Is there a feature missing from the Flex Builder debugger that you really wish we had put in?
No? Right, move along then.
Oh, what’s that? Yes, there is such a feature? Well then, now is your chance for fame and glory. (Notice I didn’t say fortune. That part probably takes more work than just writing a plugin.)
There is bad news and good news. The bad news is, in this release we will not be publishing the Flex-specific debugger APIs that live inside Flex Builder. We just haven’t had time to clean them up and test them to the degree that we would be comfortable releasing them as documented, supported APIs.
But, the good news is, our lack of Flex-specific APIs is not as big a problem as it might sound like at first, because Eclipse itself has a very clean, well-documented set of APIs for accessing generic debugger-related functionality (variables, breakpoints, callstacks, etc.). And it turns out that the vast majority of stuff that you can think of putting into a Flex Builder debugger plugin is actually generic debugger stuff, not Flex-specific.
For example, using the Eclipse APIs, here are a few things you can easily do within your own Flex Builder plugin:
Okay, so where to start? In future posts I will give some actual code samples, but for now, here are a few key starting points inside Eclipse:
Much of the key stuff is in the Java package
– this includes
IDebugTarget (a program being debugged),
IProcess (a program that was
launched with either Debug or Run),
Also, a common starting point for getting anything done is a call to
org.eclipse.debug.core.DebugPlugin.getDefault(). From there, you can get
ILaunchManager (again, a “launch” is anything
that you launched with either Debug or Run), and
add a debug event listener so your code is notified when something
org.eclipse.debug.ui.DebugUITools has some useful helper
functions. In particular,
DebugUITools.getDebugContext() is more important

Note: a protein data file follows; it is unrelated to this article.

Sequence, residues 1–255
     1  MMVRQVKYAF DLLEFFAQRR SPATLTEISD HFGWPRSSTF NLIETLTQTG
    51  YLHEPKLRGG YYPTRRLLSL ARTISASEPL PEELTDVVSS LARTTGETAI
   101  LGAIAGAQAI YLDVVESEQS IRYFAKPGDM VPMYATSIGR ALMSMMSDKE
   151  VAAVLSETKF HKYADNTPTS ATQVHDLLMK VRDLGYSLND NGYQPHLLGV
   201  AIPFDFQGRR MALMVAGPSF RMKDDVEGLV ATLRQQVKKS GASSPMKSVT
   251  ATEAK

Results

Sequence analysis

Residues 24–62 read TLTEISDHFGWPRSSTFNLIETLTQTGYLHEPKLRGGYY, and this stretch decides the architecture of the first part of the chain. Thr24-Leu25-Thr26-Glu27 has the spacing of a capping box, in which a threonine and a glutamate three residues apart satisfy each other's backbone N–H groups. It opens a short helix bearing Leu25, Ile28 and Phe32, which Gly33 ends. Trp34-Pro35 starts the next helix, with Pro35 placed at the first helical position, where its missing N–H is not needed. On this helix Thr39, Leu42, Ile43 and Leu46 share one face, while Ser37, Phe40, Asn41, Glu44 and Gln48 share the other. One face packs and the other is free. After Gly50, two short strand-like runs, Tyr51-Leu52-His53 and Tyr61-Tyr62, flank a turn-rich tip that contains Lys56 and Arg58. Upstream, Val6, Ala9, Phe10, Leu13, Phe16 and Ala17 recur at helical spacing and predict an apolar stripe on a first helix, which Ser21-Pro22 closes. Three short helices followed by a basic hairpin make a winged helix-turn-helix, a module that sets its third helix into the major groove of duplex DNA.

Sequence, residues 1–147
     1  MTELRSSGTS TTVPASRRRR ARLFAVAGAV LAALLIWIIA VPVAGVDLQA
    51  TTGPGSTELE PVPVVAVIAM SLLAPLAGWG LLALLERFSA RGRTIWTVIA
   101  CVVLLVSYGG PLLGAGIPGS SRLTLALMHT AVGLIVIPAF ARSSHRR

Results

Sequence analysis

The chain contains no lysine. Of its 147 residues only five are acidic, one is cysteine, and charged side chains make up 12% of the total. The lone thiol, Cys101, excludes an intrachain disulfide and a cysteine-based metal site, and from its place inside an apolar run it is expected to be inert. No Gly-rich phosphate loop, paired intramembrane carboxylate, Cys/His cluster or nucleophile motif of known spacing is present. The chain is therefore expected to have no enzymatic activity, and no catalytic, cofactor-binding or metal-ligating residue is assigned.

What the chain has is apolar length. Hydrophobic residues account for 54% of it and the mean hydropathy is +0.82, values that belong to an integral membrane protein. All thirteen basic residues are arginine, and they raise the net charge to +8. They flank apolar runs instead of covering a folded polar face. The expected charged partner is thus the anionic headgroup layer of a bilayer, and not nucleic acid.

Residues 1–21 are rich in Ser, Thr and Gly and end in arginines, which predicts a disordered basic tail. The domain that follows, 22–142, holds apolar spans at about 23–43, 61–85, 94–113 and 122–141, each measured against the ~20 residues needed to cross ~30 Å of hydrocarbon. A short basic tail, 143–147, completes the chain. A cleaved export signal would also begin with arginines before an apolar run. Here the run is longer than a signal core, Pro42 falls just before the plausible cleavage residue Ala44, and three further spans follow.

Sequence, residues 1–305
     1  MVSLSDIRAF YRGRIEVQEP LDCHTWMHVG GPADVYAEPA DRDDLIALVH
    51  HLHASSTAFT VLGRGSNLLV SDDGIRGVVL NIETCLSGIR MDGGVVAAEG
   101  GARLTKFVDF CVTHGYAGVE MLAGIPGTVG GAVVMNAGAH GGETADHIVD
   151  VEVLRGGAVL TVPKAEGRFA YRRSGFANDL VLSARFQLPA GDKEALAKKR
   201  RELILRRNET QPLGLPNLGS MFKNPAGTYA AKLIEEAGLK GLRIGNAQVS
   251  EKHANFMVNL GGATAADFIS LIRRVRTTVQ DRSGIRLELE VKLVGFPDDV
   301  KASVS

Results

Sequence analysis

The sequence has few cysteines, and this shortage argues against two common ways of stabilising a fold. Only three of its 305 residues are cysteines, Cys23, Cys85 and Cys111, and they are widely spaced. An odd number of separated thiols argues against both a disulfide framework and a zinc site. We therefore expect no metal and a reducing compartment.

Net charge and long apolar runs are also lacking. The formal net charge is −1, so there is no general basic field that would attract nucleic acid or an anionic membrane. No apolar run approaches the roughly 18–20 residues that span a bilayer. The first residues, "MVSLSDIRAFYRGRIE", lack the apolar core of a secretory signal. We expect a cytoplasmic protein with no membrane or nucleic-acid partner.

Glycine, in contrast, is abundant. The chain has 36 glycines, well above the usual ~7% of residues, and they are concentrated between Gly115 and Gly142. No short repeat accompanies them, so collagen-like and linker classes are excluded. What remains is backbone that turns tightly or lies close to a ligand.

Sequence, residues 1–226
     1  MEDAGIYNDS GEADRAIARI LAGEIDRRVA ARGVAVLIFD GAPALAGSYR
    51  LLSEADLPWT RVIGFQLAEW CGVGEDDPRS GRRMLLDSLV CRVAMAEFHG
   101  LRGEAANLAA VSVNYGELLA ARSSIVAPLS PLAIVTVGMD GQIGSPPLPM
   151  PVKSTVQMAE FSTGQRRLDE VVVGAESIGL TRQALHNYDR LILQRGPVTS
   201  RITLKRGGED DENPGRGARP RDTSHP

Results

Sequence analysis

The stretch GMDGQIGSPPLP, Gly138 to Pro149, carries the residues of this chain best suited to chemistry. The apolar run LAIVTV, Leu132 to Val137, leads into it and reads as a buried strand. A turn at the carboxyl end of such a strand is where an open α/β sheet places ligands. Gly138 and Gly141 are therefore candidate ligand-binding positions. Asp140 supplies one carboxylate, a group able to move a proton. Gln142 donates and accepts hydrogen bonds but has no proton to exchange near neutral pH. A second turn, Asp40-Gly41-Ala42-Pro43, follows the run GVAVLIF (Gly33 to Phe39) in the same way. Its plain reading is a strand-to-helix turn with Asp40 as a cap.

than its bland name implies. The “debug context” is whatever is selected in
the Debug view, such as a particular stack frame. This ends up affecting
lots of things, like which variables are shown in the Variables view, and how
expressions are evaluated: Expressions are evaluated in the context of the
current stack frame.
The online documentation for all the Eclipse debugger classes is
(scroll down to the
Finally, I want to warn you that learning how to write Eclipse plugins is a very time-consuming undertaking. Eclipse is extremely modular – there are design patterns everywhere you turn. And that’s a good thing, because it gives you tremendous power to plug into it at any level (if this weren’t the case, we wouldn’t have been able to create something like Flex Builder on top of it).
But the downside of this modularity is that it’s really hard to just plunge in and start creating useful code, because it can be very hard to figure out how to get from point A to point B. (An example: Early on, I tried to figure out the code path from “user double-clicks in the margin of a document” to “blue circle shows up indicating a breakpoint has been created.” Whoo boy.) It took me about a month of full-time development before the lightbulb in my head finally lit up and I “got” how everything fits together; I then began to find it much quicker to write code.